Here’s a bright spot among the recent doom and gloom in the news: Seniors are living longer, fuller lives.
“Death rates from diseases like COPD, cancer and heart disease, all of which are top causes of death for the elderly, have dropped,” according to a recent analysis by Seniorly, a website that helps people find senior living communities for themselves or loved ones. “The average Social Security check has climbed (even after accounting for inflation), and fewer older people are experiencing issues that exacerbate social isolation, including living alone and lacking internet access.”
Seniorly studied federal data to determine where the quality of life has improved most for seniors across four broad categories: finances, physical health, mental health and social factors. Following are the nine states, plus the District of Columbia, with the biggest improvements over the past decade.
Overall score: 193.1 out of 306 possible points
New Jersey had the second-largest decline in the percentage of seniors who lived alone between 2011 and 2020. It also has the most popular retirement town in the country, as we noted in “9 States Where Retirees Enjoy Long Lives.”
Overall score: 200.0 out of 306 possible points
Maine was the only state to see improvements in both factors Seniorly considered for mental health.
Of course, there’s much more to retirement than that — check out “How All 50 States Tax Your Retirement Income” and see how living in the Pine Tree State could affect your finances.
Overall score: 204.3 out of 306 possible points
There’s some debate about whether Maryland is a great place to retire or not, as we highlight in “10 States Where Seniors Have the Highest Incomes.” It’s at neither the top nor bottom when it comes to the percentage of seniors living in poverty, according to Seniorly, but ranked No. 4 on average Social Security benefits.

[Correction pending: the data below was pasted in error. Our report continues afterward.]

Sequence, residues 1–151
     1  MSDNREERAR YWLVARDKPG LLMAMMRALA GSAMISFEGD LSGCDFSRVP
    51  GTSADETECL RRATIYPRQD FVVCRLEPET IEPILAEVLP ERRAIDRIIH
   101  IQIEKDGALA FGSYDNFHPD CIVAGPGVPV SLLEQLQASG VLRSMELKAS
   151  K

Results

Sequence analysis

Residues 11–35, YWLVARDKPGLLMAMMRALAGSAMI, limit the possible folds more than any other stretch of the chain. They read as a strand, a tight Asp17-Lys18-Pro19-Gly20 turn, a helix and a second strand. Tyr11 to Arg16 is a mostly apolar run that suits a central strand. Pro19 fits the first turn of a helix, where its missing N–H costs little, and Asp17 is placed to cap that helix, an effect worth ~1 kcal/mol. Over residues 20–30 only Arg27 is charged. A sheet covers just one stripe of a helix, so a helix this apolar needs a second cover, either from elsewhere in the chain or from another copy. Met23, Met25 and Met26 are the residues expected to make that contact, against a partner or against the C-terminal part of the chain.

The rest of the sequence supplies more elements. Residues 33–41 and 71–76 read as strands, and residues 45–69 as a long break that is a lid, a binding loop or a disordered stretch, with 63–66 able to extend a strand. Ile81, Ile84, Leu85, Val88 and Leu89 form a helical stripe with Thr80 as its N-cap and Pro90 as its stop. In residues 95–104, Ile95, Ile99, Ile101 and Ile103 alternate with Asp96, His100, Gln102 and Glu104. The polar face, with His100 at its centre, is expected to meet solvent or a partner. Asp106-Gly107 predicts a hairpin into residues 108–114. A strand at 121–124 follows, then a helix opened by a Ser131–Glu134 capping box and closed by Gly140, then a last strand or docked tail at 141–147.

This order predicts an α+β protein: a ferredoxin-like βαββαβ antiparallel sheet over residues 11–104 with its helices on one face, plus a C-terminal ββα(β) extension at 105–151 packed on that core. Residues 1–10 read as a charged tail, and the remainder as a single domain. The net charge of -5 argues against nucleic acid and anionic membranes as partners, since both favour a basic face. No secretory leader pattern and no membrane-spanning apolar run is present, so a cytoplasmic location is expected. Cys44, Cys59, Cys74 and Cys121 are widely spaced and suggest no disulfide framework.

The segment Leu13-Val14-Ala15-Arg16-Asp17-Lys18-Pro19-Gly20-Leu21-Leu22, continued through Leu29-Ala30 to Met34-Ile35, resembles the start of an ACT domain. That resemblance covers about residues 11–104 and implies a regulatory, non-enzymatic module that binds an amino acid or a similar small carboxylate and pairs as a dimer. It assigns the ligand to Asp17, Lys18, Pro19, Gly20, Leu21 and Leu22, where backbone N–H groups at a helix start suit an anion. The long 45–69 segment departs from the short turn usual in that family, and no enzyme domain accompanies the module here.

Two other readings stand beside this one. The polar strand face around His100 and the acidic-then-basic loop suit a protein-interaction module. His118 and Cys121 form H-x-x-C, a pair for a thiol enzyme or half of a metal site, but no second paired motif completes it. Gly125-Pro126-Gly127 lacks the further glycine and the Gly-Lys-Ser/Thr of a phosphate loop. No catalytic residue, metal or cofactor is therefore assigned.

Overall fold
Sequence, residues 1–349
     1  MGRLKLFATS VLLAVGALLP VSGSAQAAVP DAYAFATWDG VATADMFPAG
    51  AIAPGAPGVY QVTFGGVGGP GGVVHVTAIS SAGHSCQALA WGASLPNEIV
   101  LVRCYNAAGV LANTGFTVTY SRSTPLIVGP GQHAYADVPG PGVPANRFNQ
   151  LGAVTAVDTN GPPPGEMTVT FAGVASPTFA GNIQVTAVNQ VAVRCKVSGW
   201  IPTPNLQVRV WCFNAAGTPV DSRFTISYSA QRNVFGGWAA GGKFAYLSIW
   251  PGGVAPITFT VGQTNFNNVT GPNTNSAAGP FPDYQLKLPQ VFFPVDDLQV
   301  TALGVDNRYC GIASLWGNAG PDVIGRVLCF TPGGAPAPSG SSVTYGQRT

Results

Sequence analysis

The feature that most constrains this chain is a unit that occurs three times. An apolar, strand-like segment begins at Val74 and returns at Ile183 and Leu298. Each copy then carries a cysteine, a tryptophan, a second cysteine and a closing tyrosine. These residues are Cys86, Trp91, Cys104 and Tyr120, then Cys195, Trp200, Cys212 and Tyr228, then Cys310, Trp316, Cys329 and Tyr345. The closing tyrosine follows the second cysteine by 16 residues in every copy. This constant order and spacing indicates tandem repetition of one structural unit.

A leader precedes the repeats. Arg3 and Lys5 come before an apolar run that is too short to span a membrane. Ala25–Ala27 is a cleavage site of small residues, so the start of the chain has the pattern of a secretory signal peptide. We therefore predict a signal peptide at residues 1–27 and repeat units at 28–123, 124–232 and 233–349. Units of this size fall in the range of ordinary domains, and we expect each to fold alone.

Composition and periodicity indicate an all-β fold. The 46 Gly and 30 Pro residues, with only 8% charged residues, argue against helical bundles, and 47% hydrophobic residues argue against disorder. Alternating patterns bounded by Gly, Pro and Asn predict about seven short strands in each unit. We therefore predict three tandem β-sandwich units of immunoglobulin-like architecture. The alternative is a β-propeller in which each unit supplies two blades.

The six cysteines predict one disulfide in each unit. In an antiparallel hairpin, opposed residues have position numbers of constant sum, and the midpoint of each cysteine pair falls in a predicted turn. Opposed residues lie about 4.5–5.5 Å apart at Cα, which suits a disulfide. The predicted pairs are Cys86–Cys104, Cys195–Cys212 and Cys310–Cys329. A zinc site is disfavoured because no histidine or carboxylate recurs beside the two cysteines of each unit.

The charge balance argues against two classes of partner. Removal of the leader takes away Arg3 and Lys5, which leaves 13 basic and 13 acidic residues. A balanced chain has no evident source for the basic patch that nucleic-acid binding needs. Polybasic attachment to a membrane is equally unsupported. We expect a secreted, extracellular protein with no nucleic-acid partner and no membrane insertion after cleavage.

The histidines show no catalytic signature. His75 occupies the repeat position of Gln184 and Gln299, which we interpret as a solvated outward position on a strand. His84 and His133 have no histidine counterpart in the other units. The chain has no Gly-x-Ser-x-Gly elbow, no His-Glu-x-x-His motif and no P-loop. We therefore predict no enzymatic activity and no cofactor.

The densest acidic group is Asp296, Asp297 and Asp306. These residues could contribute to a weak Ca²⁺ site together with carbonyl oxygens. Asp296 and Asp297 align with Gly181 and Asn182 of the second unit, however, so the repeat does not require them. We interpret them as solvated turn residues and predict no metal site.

Overall score: 205.2 out of 306 possible points
South Dakota has made the greatest strides in reducing the percentage of seniors living in poverty, with a 19% reduction for the decade ending in 2020. A few years ago, it was considered the best place to retire.
Overall score: 211.2 out of 306 possible points
Seniorly found that Washington, D.C., had the biggest decline in the top five causes of senior deaths, including Alzheimer’s, cancer, COPD, diabetes and heart disease — perhaps suggesting recent improvements in health care here. The District of Columbia also saw the largest average increase in Social Security benefits for the decade.
Overall score: 213.6 out of 306 possible points
Vermont had the third-largest increase in seniors as a percentage of the total population over the past decade, which Seniorly ranked as an important social factor. It also had the nation’s biggest decline in suicide rates among seniors.
Overall score: 228.2 out of 306 possible points
Retirees in New Hampshire enjoyed the second-largest improvement in average Social Security benefits over the past decade, according to Seniorly. Seniors don’t have to rely solely on the government for income though. The state is also known for having the second-highest average retirement savings.
Overall score: 228.8 out of 306 possible points
Massachusetts was fourth-best for its improvement among rates for seniors’ leading causes of death. It’s also one of the states with the highest life expectancy after age 65.
Overall score: 246.8 out of 306 possible points
North Dakota, like its southern neighbor, significantly reduced its percentage of seniors living in poverty over the past decade, taking the No. 2 spot for that category. It’s also home to one of “10 Places Where Social Security Offers the Best Standard of Living.”
Overall score: 248.8 out of 306 possible points
“Washington’s winning performance was powered by its strength across three of the four categories, ranking second in physical health and social factors and fifth in finances,” Seniorly says.
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